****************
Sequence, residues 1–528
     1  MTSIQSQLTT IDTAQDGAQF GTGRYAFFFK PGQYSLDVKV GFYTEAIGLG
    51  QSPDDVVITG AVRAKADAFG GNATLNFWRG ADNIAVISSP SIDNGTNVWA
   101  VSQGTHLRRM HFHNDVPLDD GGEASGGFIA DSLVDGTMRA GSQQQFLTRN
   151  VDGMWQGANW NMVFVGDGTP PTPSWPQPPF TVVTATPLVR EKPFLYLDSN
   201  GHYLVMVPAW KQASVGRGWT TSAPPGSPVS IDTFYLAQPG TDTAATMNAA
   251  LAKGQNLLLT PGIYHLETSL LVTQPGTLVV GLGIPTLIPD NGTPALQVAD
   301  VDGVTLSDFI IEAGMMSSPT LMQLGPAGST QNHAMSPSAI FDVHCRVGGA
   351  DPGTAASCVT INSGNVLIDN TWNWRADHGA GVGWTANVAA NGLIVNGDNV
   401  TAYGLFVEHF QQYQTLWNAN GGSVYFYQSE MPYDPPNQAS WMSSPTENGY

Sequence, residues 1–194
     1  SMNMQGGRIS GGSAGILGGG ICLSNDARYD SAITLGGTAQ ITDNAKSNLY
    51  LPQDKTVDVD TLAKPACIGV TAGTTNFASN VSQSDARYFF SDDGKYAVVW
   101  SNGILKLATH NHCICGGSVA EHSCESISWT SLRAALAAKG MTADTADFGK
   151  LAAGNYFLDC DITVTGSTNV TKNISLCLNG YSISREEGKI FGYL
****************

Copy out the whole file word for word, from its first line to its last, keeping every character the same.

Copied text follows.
Sequence, residues 1–528
     1  MTSIQSQLTT IDTAQDGAQF GTGRYAFFFK PGQYSLDVKV GFYTEAIGLG
    51  QSPDDVVITG AVRAKADAFG GNATLNFWRG ADNIAVISSP SIDNGTNVWA
   101  VSQGTHLRRM HFHNDVPLDD GGEASGGFIA DSLVDGTMRA GSQQQFLTRN
   151  VDGMWQGANW NMVFVGDGTP PTPSWPQPPF TVVTATPLVR EKPFLYLDSN
   201  GHYLVMVPAW KQASVGRGWT TSAPPGSPVS IDTFYLAQPG TDTAATMNAA
   251  LAKGQNLLLT PGIYHLETSL LVTQPGTLVV GLGIPTLIPD NGTPALQVAD
   301  VDGVTLSDFI IEAGMMSSPT LMQLGPAGST QNHAMSPSAI FDVHCRVGGA
   351  DPGTAASCVT INSGNVLIDN TWNWRADHGA GVGWTANVAA NGLIVNGDNV
   401  TAYGLFVEHF QQYQTLWNAN GGSVYFYQSE MPYDPPNQAS WMSSPTENGY

Sequence, residues 1–194
     1  SMNMQGGRIS GGSAGILGGG ICLSNDARYD SAITLGGTAQ ITDNAKSNLY
    51  LPQDKTVDVD TLAKPACIGV TAGTTNFASN VSQSDARYFF SDDGKYAVVW
   101  SNGILKLATH NHCICGGSVA EHSCESISWT SLRAALAAKG MTADTADFGK
   151  LAAGNYFLDC DITVTGSTNV TKNISLCLNG YSISREEGKI FGYL